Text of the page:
The critical question for our generation — and for every generation — is this: If you could have heaven, with no sickness, and with all the friends you ever had on earth, and all the food you ever liked, and all the leisure activities you ever enjoyed, and all the natural beauties your ever saw, all the physical pleasures you ever tasted, and no human conflict or any natural disasters, could you be satisfied with heaven, if Christ was not there?

– John Piper, God Is the Gospel

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Related Post:

Categories
Life Theology

“We are rich. Filthy rich.”

I love Mondays.  You see, I have Mondays off.  So I get to kind of relax as I spend time with the Lord in his word.  There’s (usually) no distractions and no work to go too.  As I sat down on the couch this afternoon, I looked around our apartment and said, “Lord, you have given us so much stuff.  We aren’t poor.”

Carly and I both have average-paying jobs — and I work part-time at our local French retailer, Target — but we have more than, not just the average person in the world, but probably the average American. We are truly “blessed.” I was truly humbled as I sat there and stared at all this stuff in our living room.  I said, “Lord, I praise you that we can afford to have the lights on.”  You know what else is humbling? I get two days a week off. Most people get one. Some people don’t get any.

After reading the Scriptures, I read chapter 5 in Francis Chan’s book Crazy Love.  He wrote about the exact thing I was meditating on. Francis writes:

Which is more messed up — that we have so much compared to everyone else, or that we don’t think we’re rich? That on any given day we might flippantly call ourselves “broke” or “poor”? We are neither of those things. We are rich. Filthy rich.

Francis goes on to talk about how this hurts us spiritually:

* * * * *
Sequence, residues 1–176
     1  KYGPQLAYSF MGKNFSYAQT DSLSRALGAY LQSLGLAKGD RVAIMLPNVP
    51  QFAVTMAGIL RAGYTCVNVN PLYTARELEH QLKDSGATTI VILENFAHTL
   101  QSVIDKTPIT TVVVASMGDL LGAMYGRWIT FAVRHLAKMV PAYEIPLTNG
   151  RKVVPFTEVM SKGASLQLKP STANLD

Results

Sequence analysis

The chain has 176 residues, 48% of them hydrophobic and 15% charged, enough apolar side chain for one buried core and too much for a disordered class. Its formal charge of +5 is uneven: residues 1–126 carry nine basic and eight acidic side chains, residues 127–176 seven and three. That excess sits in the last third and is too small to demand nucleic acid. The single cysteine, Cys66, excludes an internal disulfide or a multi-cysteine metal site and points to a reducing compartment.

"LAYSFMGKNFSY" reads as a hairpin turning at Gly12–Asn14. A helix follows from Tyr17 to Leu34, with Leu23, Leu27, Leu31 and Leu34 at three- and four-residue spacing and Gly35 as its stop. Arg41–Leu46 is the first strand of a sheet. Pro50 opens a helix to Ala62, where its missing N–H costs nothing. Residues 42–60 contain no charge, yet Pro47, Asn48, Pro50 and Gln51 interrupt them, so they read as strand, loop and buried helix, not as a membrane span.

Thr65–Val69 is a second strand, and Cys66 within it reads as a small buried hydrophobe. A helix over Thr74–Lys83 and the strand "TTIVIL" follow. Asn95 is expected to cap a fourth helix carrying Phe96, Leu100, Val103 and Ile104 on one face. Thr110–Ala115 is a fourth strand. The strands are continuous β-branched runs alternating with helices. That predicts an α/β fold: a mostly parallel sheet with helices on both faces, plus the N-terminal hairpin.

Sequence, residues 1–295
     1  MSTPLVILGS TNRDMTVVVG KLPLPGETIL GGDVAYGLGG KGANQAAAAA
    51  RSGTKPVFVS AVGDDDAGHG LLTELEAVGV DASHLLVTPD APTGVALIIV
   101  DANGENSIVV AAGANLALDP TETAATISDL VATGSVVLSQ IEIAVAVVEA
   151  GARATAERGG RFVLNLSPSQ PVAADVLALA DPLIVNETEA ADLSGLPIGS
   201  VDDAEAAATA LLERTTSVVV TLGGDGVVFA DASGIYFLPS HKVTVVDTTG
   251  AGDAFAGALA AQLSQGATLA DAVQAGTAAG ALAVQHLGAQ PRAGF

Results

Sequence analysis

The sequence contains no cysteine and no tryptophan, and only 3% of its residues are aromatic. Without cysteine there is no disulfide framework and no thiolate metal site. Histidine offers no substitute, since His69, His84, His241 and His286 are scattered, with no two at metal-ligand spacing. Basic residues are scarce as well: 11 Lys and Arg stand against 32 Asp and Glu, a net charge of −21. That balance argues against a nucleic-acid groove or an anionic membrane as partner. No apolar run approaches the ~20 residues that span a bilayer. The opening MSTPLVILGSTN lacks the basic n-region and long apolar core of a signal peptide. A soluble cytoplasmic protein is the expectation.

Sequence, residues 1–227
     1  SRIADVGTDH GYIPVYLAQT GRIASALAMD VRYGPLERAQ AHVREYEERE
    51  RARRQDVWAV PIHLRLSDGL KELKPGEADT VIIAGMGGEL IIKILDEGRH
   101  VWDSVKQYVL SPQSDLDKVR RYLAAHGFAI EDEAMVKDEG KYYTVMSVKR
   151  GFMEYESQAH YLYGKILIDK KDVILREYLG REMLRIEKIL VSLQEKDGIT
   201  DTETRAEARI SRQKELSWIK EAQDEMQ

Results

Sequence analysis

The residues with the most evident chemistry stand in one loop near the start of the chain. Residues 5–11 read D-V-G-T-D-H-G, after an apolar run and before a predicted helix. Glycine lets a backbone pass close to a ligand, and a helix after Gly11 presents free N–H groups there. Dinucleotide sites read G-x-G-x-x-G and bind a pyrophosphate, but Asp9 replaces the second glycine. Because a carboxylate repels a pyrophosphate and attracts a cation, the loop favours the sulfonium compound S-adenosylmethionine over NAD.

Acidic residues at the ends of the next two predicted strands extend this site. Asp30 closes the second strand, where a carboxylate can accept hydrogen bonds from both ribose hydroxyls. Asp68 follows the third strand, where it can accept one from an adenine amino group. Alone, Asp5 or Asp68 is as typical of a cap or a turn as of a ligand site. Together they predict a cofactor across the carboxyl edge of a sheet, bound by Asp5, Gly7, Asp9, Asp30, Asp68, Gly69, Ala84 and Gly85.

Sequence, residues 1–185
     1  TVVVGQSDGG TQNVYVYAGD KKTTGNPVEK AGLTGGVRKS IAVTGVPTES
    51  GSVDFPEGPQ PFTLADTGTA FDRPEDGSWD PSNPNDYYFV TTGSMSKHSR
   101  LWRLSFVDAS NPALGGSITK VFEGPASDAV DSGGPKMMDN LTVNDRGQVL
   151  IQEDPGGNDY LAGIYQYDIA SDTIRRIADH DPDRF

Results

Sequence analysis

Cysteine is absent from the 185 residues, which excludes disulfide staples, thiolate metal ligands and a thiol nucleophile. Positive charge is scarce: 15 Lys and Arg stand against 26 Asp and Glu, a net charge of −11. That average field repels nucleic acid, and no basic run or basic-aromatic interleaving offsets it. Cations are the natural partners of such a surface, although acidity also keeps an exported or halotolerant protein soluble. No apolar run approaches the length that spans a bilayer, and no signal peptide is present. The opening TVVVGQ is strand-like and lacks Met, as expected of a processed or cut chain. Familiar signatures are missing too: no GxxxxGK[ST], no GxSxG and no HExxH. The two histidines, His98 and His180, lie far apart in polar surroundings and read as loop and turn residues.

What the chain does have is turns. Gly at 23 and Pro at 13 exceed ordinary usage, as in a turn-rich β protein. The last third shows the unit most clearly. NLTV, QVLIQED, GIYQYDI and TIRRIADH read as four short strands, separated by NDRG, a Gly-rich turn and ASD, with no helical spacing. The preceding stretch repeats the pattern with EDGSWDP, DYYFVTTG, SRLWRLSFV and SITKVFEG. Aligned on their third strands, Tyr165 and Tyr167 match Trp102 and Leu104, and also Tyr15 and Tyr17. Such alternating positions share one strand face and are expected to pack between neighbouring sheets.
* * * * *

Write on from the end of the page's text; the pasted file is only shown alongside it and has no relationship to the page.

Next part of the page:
The reality is that, whether we acknowledge our wealth or not, being rich is a serious disadvantage spiritually. As William Wilberforce once said, “Prosperity hardens the heart.”

Understanding that we aren’t poor, but rich — filthy rich — starts in the heart. Do I want to prosper materially or spiritually? What do I really want? Of course I need to eat and sleep and wear clothes. I need a car and I need to put gas in it. God understands this. But where is my hope and energy and adoration going? I pray that everyday it goes to God, not because he gives stuff, but because he is the only thing that will give me satisfaction.

Prosperity hardens our hearts because it causes us to depend on our money and stuff and not God. If we daily lack food and clothes and shelter, we will be on our knees begging God for help. I don’t need to do that. But I want to be on my knees thanking God for what he has given and begging him for his mercy because all I deserve is hell and damnation.  When that sobering truth is on your mind, you will never say, “I’m poor.”

Categories
Life

Who is paying taxes?

This is staggering.  For the 2009 work year:

  • The bottom 50% of earners will pay $0 in Federal Income Taxes.
  • The top 1% of earners will pay 40.5% of taxes.
  • The top 5% will pay 60.6% of taxes.
  • The top 10% will pay 71.2% of taxes.

Here is a helpful infograph from Mint.com to break these numbers down.

HT: Eternity Matters